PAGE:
Add a bowl of water to Dahi and whip it a little with a spoon, to mix it. It may look a bit like Punjabi drink Lassi. Pour it into the wok. Now add salt to taste, stir until the mixture smoothens. Cover the wok and let it cook on the medium fire for first 3-4 min. When potatoes become a little softer; then turn the fire slowest for last few minutes.
Because this is supposed to be dry dish, keep checking it in case potatoes are getting stuck/burnt to the wok bottom. It should not take more than 12-15 min to cook. When potatoes are cooked well, turn the gas off, cover the wok and let it rest for a few minutes.
When it is ready, color of the dish should look whitish bland.
The steam from it should smell a little sour.
Depending upon the strength of the chilies it should be pungent to taste and carry a definite sour taste of Dahi broken down with heat.
According to seasons you get potatoes that cook faster, some don’t. So check them out by their look before hand. Amount of water mixed in Dahi will depend upon the quality of potatoes. Hard potatoes will need more water.
In another variation you could make this dish with thick gravy too. In that case please add some more water to the Dahi. You could also increase the quantity of Dahi to one and a half ice-cream bowl. You could replace garlic with 1Tb spoon of ginger. In this case use 1 green chili or none in place of 2, because ginger has its own hot taste. Taste of sour curdled curd is the main idea, so don’t let other stronger tastes override it.
When I last cooked this dish, I had used a bowl of left over curds. It had been lying in the refrigerator for the last 3 days and thus had turned a little sour already; just like those neglected potatoes. My children totally endorsed the way the dish turned out. My daughter’s colleagues at work tasted it and asked her for its recipe. Some time things do work out. So, don’t be anxious like, ‘hope it doesn’t taste bad’; be anxious ‘suppose it comes out great and everyone loves it’?

Recipe – Mint Raita

When I am home alone, mostly I read, watch TV, surf the net, write and sometimes (though not very often) try my hand in cooking. I like making some side dishes or add-ons to main course. After making some of them a few times I seem to have got a good hang of certain dishes. One of them; rather simple one, is called Raita. It is basically a curds (Dahi) dish. Last time I wrote a piece about this, it was on a day that I made Pudina Raita and got burnt. I only wrote about the incident of getting burnt in the process of making a dish that essentially is supposed to be cold. I was quite excited with my stupidity and foolishness in doing what I did; so I shared it with everyone. But slowly I got pretty creative and started making different kinds of Raita. And surprisingly, I started getting complimented too for them. So I decided that it is now safe for me upload these recipes on the net. Of course it is safe for the readers too. Let me put my white hat on. Ok, here it goes -Ingredients: Curds (dahi)- 500gms/ mint leafs- 50 gm/ Garlic flakes- 10/ freshly ground black pepper– to taste/ salt- to taste.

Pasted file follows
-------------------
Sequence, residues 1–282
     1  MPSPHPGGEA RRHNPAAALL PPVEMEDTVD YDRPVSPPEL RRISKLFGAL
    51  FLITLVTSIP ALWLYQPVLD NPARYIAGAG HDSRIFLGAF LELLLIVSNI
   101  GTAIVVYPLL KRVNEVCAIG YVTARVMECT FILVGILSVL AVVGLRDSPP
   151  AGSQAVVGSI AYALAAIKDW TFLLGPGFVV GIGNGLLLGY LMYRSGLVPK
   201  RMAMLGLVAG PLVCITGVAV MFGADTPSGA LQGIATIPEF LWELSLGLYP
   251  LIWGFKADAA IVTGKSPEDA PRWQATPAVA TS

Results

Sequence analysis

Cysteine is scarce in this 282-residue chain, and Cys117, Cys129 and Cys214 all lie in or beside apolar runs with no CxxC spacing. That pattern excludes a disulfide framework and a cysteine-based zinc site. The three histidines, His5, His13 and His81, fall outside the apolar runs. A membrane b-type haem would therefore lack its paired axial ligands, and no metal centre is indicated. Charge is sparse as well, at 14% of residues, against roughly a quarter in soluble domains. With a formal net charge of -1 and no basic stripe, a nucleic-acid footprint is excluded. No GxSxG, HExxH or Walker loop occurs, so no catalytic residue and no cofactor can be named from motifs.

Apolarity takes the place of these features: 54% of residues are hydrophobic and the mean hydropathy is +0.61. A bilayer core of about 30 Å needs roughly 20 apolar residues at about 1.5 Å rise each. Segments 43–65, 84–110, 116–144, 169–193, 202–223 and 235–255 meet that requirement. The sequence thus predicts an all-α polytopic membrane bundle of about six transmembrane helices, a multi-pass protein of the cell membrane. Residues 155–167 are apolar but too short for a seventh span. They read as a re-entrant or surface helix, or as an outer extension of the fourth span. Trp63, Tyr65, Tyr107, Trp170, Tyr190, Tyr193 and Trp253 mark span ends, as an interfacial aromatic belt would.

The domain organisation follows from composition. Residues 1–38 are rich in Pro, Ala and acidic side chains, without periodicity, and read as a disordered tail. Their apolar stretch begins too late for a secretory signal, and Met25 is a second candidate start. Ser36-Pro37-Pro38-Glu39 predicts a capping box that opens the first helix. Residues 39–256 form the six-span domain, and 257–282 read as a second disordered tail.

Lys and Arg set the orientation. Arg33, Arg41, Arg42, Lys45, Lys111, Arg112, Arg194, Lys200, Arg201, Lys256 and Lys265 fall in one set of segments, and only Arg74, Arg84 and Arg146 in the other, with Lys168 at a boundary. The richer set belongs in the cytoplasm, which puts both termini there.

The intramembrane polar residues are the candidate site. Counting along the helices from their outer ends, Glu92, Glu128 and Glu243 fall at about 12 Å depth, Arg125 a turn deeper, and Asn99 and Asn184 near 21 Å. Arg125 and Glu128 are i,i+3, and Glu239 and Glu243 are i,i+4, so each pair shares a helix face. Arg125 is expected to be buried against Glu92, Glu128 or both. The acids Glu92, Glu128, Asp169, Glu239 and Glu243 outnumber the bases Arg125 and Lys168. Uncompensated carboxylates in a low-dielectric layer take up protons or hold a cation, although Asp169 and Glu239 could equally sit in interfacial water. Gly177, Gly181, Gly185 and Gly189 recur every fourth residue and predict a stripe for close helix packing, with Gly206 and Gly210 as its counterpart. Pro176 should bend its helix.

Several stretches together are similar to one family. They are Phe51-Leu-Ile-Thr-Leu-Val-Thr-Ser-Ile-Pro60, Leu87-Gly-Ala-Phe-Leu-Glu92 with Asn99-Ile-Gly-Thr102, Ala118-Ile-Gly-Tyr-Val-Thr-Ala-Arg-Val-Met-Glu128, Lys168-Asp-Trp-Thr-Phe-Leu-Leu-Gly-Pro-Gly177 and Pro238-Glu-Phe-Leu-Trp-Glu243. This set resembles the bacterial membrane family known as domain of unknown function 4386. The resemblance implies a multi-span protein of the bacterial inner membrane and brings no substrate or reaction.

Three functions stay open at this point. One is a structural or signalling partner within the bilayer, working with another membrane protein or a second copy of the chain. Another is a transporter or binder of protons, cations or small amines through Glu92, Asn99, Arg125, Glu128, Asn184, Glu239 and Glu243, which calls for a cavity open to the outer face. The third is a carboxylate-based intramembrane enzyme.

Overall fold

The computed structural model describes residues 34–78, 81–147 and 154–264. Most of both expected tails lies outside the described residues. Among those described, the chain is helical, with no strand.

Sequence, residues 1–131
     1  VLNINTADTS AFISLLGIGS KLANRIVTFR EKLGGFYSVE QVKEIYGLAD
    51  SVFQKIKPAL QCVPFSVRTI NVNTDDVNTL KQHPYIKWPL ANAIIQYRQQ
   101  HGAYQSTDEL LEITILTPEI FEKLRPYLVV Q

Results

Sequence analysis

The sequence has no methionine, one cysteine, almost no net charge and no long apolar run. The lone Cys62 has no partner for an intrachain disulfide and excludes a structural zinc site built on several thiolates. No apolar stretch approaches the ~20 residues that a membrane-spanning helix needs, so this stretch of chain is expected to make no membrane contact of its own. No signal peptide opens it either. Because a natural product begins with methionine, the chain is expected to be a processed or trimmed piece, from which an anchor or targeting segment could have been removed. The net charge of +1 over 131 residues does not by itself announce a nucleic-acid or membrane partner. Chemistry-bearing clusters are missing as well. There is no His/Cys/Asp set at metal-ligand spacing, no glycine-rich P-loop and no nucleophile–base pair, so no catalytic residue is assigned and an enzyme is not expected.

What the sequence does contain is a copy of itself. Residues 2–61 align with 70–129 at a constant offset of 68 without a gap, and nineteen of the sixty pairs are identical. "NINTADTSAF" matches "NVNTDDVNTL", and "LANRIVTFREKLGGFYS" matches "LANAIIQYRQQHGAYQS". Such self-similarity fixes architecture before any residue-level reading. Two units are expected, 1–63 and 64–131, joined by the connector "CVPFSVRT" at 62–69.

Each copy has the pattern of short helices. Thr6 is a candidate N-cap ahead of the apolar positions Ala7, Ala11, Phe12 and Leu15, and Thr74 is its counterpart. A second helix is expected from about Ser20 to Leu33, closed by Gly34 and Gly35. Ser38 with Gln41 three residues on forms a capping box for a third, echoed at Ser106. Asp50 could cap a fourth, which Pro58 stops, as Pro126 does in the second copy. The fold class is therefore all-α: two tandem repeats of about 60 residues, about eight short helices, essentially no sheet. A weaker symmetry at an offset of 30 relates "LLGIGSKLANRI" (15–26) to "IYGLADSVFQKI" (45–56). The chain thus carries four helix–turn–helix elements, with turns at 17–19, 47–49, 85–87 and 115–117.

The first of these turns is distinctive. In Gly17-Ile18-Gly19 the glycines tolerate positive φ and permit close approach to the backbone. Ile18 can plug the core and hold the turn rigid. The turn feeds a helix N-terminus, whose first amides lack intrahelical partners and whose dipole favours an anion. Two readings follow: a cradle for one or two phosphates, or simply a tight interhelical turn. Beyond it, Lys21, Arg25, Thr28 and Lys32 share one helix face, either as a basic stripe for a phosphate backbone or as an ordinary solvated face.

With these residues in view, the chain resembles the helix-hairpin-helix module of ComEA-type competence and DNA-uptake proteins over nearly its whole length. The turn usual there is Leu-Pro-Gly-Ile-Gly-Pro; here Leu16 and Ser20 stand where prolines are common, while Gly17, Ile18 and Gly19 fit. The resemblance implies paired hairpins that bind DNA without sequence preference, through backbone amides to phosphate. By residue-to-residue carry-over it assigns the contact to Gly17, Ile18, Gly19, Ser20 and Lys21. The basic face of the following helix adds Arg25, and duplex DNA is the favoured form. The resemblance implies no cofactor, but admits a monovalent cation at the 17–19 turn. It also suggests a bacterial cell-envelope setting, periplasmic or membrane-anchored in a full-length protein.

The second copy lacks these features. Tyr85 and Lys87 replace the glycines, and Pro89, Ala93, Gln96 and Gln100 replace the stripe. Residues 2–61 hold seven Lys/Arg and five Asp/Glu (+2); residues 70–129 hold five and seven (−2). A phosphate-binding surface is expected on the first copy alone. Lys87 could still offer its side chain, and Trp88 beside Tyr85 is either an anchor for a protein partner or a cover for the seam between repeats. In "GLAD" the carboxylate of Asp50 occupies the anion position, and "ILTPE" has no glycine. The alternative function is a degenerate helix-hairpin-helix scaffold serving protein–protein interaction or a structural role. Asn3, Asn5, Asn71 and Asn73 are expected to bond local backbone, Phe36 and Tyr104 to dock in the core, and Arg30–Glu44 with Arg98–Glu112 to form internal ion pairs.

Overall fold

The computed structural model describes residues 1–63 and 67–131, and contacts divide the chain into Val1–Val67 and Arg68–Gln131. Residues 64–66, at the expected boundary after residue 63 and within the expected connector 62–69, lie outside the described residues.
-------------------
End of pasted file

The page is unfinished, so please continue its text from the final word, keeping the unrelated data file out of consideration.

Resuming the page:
Chop mint leafs fine. Chop garlic fine. Put chopped mint and garlic in a small utensil. Add a large cup of water (not more than 200ml) in it and put it to boil. We are boiling them to basically get the mint leafs disinfected. It will also reduce the strong flavor of both, mint and garlic. Boil it on slow fire and keep it covered to retain the water from the steam. In 4-5 min, mint and garlic should turn soft. Cover it and let it cool to a comfortable temperature. After it has cooled put it in mixie just for half a minute. It would become smooth.

Now put Dahi in a large bowl. Add a little salt. Add black pepper preferably from a pepper grinding mill, because it retains the fresh taste of pepper. Now add the cooled mint and garlic in it and whip until it becomes homogenous. Taste it for salt. If you find it less then add some more and stir again. But it is better to keep the salt on the lower side and let others add it if they need.

If it has turned out to be smooth in feel and looks saturated light green color, with dots black pepper, I guess you have done it. Just in case the Dahi is too thick then you could add some more water before whipping it. Keep it in the refrigerator for at least an hour; two hours will be better.

Raita is a side dish of an Indian meal. It is had with Indian bread (roti) meals and also quite often with Dal and rice. Northern India, especially UP and Punjab are the lands where you can find a variety of Raitas.

You could follow the same process and make Raitas with spinach (palak) or Methi too. Use garlic for both; but you may not use black pepper for Methi. I like to play with flavors. I like the dish to be recognized as a ‘so and so’ dish with a clear hint of ‘something else’. Like mint Raita with a hint of black pepper. You could add a little ginger paste to the Palak Raita to get a hint of ginger flavor and not use pepper. Like that you could have various combinations; like this with that or next time something different. It is always good to have a clear flavor in a dish rather than mix many things and create confusion.

Raitas can also be made with cucumber (shredded fine), white pumpkin (shredded fine and boiled), onions (shredded), onions and cucumber, onions and ginger etc.

Delhi Darbar restaurant in Mumbai makes a very simple and interesting dish that is made with curds, onions, salt and sugar. Onions are chopped straight and fine, added to the curds along with sugar and salt to taste. It is stirred until the sugar is mixed smoothly. The sugar in fact is a variation here and is to be added just enough to be noticeable; without turning the dish too sweet. Also the mixture should be thick. So there has to be good amount of onions in it. Each mouthful should get a taste of curds with onions. It is more like a salad than Raita.